With this record of underestimating Russian resilience, it’s no surprise that many succumbed to hubris in expectation of a swift strangling of Russia after it invaded Ukraine. In fairness, the measures taken have been unprecedented in severity. More than 1,000 individuals and their assets have been sanctioned. From high-tech to luxury, exports of numerous goods to Russia have been halted and hundreds of firms have shuttered operations there. Critically, Russian banks were expelled from the SWIFT system of international payments and over $600 billion in Russian reserves were frozen. These were meant to strangle Russian trade, yet it turned out that Moscow was prepared. An alternative payments system for exports, and massive cash reserves, enabled it to weather sanctions far better than expected. After briefly crashing, the ruble bounced back strong thanks to the skillful use of interest rates and capital controls.

The ruble also benefited from soaring oil prices and Moscow’s insistence on ruble payments for its gas, boosting demand for the currency. Some customers balked, but big importers such as Germany and Italy quickly complied. How can the weaker party, while being punished, dictate terms of trade to its punishers? As Europe sought to bash Russia with the stick of Moscow’s dependence on oil and gas revenues, it turned out that Putin held the other end of that stick.

You’re Fired! No, I Quit First!

Historians will look back on the Euro-Russian energy war as an example of how not to exploit politico-economic leverage. As the EU imposed ever-tougher sanctions on Moscow, plans to halt imports of Russian crude oil and natural gas were announced. Defense hawks had long advocated this, and centrist Europeans now agreed as a way to cripple Russia’s economy and strangle its war effort by denying it lucrative export earnings. “Fine,” the Russians replied, “We can speed up your transition to new energy sources by reducing the gas we ship you right now.” To which the EU’s panicked reply was “Wait, we won’t be ready to cripple you by halting gas imports until 2026! You’re blackmailing us!” Never pick up a grenade and brandish it at your enemy until you’re ready to use it—it just might blow up in your hand.

Again, the key lies in each side’s relative vulnerability to an interruption in trade. It’s a foolish policymaker who doesn’t assess the collateral damage of sanctions on their own country, just as it’s a poor poker player who doesn’t consider that an adversary might see their bet and raise it. Europeans were prodded into this bet by U.S. leaders, who have long argued for substituting American LNG for Russian pipeline gas—even though neither side has anywhere near the export (United States) or import (EU) terminal and tanker capacity necessary. And now Europe is like the boss who wails “Wait, you can’t quit, I wanted to fire you first!” As the EU scrambles to find alternative gas sources and prepares for rationing this winter, observers in China and India scoff at the lament that Moscow is practicing “energy blackmail.”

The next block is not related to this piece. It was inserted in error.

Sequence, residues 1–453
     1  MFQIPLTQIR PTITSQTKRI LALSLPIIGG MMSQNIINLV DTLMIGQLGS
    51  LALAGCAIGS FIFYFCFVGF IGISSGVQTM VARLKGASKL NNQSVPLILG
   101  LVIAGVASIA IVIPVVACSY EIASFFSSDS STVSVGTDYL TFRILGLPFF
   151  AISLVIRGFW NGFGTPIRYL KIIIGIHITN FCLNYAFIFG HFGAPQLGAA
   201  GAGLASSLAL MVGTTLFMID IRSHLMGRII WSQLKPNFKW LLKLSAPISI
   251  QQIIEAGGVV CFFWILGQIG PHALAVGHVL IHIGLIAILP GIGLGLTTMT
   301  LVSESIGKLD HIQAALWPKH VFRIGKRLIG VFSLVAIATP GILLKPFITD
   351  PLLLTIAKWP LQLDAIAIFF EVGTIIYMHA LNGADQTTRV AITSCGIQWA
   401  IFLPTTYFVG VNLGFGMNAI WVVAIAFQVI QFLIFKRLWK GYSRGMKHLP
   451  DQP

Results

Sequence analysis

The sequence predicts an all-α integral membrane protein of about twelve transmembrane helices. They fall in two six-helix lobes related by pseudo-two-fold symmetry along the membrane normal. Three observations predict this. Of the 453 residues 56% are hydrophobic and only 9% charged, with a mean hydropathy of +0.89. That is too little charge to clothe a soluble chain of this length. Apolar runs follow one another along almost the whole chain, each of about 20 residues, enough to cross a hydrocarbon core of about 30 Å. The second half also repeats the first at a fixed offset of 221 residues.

Chinese and Indian views matter not only because they are among the majority of the world’s countries that have not joined in sanctioning Russia, but because they are the two biggest countries that are buying more Russian oil and gas instead. This helps Moscow make up for lost sales in Europe, with some of the Russian oil purchased by India actually being resold in EU markets. Similarly, some countries that proudly announced an end to imports of Russian gas are still importing it—only indirectly, via Germany, Italy, or France. Stranger still are paeans to the EU’s new mandatory gas-storage targets as an “historic” step toward “weaning itself off Russian gas” when those targets can only be met by importing more Russian gas.

In the months since EU leaders announced a policy of reducing dependence on Russian oil and gas to slash the revenues financing Russia’s war, the EU has merely highlighted its dependence on Russian oil and gas while soaring prices have increased Moscow’s revenues. Worse to come may be the impact on Europe itself. In March, when those steps were proclaimed, EU officials celebrated transatlantic cooperation and mocked Putin for unwittingly strengthening European unity. Five months later, Putin is mocking Europe’s growing desperation.

The Summer of Europe’s Discontent

In recent days, millions of European consumers received notice of massive rate hikes for heating and electricity while the EU agreed to cut the use of natural gas by 15 percent. But proclamations of EU leaders do not ensure compliance by member states, many of whom balk at such austerity measures that analysts say are critical to making it through a winter of privation. Some are stretched too thin to keep gas-powered factories running if supplies are cut further, or too politically fragile to ask their beleaguered citizens to sacrifice more. Some worked hard to diversify their energy sources and resent being told to slash consumption to help those who did not. And some have already served notice that they will not share supplies with neighbors, regardless of need. These divisions cleave along familiar East-West and North-South lines, rekindling resentments that smolder from earlier debt and refugee crises.